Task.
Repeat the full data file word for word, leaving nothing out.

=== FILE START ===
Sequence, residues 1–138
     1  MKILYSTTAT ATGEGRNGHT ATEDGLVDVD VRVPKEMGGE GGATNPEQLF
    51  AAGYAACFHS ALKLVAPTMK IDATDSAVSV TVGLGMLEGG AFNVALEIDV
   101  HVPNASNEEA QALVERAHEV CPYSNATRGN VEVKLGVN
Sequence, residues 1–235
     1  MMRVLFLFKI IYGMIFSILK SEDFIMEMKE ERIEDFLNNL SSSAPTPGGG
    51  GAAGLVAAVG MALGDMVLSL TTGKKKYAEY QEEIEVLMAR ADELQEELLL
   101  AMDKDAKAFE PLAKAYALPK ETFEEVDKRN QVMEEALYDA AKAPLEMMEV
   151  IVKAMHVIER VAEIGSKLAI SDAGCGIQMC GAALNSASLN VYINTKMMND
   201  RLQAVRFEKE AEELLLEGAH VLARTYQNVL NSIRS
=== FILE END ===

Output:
Sequence, residues 1–138
     1  MKILYSTTAT ATGEGRNGHT ATEDGLVDVD VRVPKEMGGE GGATNPEQLF
    51  AAGYAACFHS ALKLVAPTMK IDATDSAVSV TVGLGMLEGG AFNVALEIDV
   101  HVPNASNEEA QALVERAHEV CPYSNATRGN VEVKLGVN
Sequence, residues 1–235
     1  MMRVLFLFKI IYGMIFSILK SEDFIMEMKE ERIEDFLNNL SSSAPTPGGG
    51  GAAGLVAAVG MALGDMVLSL TTGKKKYAEY QEEIEVLMAR ADELQEELLL
   101  AMDKDAKAFE PLAKAYALPK ETFEEVDKRN QVMEEALYDA AKAPLEMMEV
   151  IVKAMHVIER VAEIGSKLAI SDAGCGIQMC GAALNSASLN VYINTKMMND
   201  RLQAVRFEKE AEELLLEGAH VLARTYQNVL NSIRS